The greyhound racing ban in NSW has reached farcical levels, with the Baird Government now paying the RSPCA to provide a timely diversion. Peter Wicks reports.

(Image screenshot closepuppyfactoriesnsw.org)

The turmoil within the NSW Coalition Government over the greyhound racing ban has gone from comical to the farcical — and now puppy factories appear to have been thrown into the mix as some kind of wild card.

We all know that one of the deals cooked up in a backroom somewhere is that the Coalition’s deputy leader has to be a National Party MP, currently that leader in NSW is Troy Grant.

I say “currently”, because Troy Grant is currently under fire from within his own party as being not worthy of the leadership. In fact, it has been reported recently that if Troy Grant can’t make Premier Mike Baird back down on his decision over the greyhound ban then he will be dumped as the Nats leader.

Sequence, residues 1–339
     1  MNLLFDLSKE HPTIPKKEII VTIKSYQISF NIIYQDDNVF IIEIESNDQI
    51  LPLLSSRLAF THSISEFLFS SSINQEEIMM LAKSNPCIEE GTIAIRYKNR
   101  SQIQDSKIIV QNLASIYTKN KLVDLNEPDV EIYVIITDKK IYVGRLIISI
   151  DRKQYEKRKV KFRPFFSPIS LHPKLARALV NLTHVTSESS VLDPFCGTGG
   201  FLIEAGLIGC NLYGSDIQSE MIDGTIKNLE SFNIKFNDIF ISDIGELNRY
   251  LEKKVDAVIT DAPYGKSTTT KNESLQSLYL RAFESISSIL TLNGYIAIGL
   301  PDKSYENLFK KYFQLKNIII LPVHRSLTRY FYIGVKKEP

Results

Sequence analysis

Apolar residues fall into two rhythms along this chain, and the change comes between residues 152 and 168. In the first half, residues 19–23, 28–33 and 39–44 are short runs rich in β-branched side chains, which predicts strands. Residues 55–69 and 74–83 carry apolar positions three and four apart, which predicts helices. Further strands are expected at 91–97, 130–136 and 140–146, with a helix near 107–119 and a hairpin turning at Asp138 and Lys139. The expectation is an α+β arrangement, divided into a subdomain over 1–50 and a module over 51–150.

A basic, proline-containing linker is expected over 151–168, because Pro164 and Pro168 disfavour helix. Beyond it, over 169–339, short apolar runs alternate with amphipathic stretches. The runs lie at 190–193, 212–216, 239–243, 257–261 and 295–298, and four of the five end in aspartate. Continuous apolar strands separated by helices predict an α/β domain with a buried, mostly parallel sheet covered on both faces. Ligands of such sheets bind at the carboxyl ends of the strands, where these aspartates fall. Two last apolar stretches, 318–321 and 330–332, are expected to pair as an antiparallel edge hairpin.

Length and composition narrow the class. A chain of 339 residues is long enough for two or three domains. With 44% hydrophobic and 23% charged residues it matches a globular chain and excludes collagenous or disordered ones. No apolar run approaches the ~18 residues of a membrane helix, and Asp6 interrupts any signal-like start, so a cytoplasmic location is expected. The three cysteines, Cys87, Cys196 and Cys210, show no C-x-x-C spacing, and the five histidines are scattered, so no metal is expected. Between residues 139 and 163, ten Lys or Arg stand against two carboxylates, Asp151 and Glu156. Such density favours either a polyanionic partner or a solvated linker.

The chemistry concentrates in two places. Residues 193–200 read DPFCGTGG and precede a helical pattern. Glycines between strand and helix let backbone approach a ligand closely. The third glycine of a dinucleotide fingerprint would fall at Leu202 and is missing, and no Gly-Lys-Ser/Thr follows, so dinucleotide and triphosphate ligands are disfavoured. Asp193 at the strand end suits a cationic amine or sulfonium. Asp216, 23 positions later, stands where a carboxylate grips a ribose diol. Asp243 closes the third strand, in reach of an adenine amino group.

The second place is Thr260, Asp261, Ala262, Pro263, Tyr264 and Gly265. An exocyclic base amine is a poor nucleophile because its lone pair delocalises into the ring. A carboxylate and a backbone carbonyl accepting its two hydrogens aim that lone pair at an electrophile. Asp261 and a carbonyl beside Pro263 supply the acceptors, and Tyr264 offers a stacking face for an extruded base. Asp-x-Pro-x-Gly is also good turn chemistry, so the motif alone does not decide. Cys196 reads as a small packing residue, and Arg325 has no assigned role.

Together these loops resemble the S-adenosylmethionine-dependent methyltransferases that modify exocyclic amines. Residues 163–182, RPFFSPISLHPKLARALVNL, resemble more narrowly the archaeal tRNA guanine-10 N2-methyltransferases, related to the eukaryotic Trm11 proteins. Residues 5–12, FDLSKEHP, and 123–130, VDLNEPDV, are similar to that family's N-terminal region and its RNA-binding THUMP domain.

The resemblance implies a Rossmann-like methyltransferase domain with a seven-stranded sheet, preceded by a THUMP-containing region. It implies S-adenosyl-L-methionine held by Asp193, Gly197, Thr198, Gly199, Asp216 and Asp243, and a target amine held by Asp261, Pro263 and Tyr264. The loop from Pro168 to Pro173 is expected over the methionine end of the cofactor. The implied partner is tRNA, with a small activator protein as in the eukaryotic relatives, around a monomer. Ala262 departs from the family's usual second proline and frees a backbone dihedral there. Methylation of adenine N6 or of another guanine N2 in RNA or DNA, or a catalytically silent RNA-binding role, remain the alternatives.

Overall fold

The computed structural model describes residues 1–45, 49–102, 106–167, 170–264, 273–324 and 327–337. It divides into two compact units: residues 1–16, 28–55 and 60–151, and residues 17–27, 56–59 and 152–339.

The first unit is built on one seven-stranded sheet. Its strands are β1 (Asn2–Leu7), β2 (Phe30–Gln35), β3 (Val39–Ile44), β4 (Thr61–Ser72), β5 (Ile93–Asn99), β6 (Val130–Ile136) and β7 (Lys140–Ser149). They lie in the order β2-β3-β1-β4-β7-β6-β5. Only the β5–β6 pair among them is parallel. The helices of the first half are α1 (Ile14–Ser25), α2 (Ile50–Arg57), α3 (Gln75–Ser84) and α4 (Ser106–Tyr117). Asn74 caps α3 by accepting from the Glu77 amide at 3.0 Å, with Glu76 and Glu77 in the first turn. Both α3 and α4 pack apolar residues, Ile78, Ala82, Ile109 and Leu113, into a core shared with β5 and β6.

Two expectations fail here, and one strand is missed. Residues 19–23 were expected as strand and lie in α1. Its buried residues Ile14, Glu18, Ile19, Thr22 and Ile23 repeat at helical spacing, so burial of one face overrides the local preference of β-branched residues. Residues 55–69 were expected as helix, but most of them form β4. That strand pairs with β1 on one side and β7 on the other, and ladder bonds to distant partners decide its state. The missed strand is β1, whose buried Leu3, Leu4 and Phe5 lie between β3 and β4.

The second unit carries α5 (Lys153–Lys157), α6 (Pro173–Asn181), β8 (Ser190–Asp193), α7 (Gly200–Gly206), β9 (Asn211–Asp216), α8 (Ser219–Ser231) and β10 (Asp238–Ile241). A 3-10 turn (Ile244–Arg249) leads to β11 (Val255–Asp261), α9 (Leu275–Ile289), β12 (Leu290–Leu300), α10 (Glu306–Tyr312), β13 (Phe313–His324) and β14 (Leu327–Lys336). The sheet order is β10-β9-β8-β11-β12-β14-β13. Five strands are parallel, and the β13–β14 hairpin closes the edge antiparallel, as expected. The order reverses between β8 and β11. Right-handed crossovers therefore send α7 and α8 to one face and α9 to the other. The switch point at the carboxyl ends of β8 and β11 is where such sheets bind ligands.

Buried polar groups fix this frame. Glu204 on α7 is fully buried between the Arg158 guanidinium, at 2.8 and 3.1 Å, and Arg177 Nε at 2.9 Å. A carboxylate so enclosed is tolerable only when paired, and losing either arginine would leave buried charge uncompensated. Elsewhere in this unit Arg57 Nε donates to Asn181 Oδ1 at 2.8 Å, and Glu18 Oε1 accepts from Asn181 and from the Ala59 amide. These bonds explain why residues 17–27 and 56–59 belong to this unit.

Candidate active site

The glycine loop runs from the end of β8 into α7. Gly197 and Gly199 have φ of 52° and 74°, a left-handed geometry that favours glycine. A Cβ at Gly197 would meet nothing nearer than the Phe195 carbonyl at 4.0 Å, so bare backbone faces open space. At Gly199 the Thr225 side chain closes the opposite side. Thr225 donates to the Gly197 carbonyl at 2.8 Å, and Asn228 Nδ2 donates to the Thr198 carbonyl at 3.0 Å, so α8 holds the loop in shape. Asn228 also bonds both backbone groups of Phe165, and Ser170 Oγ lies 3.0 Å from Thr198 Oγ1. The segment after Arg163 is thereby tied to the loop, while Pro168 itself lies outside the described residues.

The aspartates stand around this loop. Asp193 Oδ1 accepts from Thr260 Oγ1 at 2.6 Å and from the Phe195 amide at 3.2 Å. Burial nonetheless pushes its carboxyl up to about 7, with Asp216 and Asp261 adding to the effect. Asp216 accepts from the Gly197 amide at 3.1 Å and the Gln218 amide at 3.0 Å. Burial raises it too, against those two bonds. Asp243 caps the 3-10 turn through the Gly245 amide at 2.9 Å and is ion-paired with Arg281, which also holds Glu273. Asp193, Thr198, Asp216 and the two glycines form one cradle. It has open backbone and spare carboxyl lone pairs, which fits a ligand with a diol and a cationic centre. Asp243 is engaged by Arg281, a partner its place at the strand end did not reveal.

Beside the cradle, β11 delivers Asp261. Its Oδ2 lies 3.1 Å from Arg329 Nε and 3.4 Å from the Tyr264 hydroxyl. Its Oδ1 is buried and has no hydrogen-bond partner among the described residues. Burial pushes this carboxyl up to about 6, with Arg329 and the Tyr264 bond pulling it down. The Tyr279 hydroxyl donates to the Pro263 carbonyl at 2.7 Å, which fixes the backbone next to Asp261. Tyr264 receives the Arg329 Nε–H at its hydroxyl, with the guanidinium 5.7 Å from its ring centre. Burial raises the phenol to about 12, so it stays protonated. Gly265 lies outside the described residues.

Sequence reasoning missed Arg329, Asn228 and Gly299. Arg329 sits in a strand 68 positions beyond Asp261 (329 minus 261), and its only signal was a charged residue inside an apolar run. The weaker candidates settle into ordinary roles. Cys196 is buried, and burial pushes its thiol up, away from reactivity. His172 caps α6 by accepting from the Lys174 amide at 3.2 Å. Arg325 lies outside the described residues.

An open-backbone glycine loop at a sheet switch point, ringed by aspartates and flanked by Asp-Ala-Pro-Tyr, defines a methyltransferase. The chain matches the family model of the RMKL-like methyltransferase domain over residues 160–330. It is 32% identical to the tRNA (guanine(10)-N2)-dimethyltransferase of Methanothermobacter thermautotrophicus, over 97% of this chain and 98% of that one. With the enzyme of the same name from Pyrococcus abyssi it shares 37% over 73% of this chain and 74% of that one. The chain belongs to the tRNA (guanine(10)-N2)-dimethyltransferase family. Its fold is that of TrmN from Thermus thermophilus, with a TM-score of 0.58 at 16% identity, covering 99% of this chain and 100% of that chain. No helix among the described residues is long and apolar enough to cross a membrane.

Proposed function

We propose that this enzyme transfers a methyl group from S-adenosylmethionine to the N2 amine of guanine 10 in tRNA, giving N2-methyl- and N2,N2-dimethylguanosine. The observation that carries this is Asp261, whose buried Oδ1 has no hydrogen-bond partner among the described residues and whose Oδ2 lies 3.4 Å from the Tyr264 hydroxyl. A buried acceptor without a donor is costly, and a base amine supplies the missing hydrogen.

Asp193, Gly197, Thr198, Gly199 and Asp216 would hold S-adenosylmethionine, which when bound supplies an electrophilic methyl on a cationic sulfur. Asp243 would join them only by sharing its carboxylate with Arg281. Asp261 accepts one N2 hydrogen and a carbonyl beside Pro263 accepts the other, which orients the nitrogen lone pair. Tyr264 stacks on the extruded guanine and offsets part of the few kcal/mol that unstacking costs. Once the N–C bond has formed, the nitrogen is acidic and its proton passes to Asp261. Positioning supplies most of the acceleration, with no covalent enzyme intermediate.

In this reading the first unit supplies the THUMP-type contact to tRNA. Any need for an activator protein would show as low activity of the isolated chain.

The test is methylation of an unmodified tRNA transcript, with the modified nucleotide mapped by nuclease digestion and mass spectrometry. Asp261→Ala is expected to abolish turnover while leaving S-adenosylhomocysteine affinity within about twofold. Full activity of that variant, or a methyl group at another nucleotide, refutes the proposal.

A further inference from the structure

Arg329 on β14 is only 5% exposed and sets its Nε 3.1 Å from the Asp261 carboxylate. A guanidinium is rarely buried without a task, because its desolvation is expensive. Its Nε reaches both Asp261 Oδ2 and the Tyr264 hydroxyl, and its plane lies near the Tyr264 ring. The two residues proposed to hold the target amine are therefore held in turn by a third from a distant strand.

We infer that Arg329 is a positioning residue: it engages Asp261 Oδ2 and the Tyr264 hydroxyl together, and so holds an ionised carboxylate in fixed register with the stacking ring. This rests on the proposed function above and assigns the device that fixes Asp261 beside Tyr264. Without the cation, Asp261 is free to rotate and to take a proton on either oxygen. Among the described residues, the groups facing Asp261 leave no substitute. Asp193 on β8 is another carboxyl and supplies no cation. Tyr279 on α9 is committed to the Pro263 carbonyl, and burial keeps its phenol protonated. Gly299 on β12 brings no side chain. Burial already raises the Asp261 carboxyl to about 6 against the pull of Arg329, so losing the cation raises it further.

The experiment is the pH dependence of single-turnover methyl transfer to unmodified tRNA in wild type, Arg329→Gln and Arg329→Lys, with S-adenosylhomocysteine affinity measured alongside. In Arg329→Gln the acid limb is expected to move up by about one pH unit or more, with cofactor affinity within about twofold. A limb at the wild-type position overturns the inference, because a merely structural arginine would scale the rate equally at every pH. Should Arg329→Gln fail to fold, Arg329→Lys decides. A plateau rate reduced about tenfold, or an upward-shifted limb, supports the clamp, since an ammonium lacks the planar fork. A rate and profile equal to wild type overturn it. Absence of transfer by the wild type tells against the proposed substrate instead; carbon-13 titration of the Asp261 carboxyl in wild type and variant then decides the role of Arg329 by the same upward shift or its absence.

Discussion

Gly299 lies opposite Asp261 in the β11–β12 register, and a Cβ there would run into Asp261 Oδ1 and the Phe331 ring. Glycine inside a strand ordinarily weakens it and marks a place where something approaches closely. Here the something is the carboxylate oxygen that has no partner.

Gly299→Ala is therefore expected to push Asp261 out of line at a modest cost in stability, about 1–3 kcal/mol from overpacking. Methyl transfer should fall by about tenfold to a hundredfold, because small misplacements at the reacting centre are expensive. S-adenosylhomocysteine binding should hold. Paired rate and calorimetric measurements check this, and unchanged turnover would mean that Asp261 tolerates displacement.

I guess Mike Baird needs to run all his decisions past the Nats for clearance? Being in charge has its drawbacks.

Some commentators have presented this threat hanging over Grant’s head as a bad thing, but I disagree. If the Nats wish to set this as their benchmark for a deputy leader, when the next deputy leader fails to have Baird change his mind, then they too will be out on their ear. Thus, while Baird is still capable of making a decision on his own the Nats will soon run out of deputy leaders to replace the last one and render themselves even more impotent as a party than they currently are.

There has been a lot of speculation as to whether Baird will put politics before integrity, and backflip on his decision to shut down an industry that thrives on cruelty, doping, illegal exporting and race-fixing. Time will tell how strong Baird’s spine is on this matter.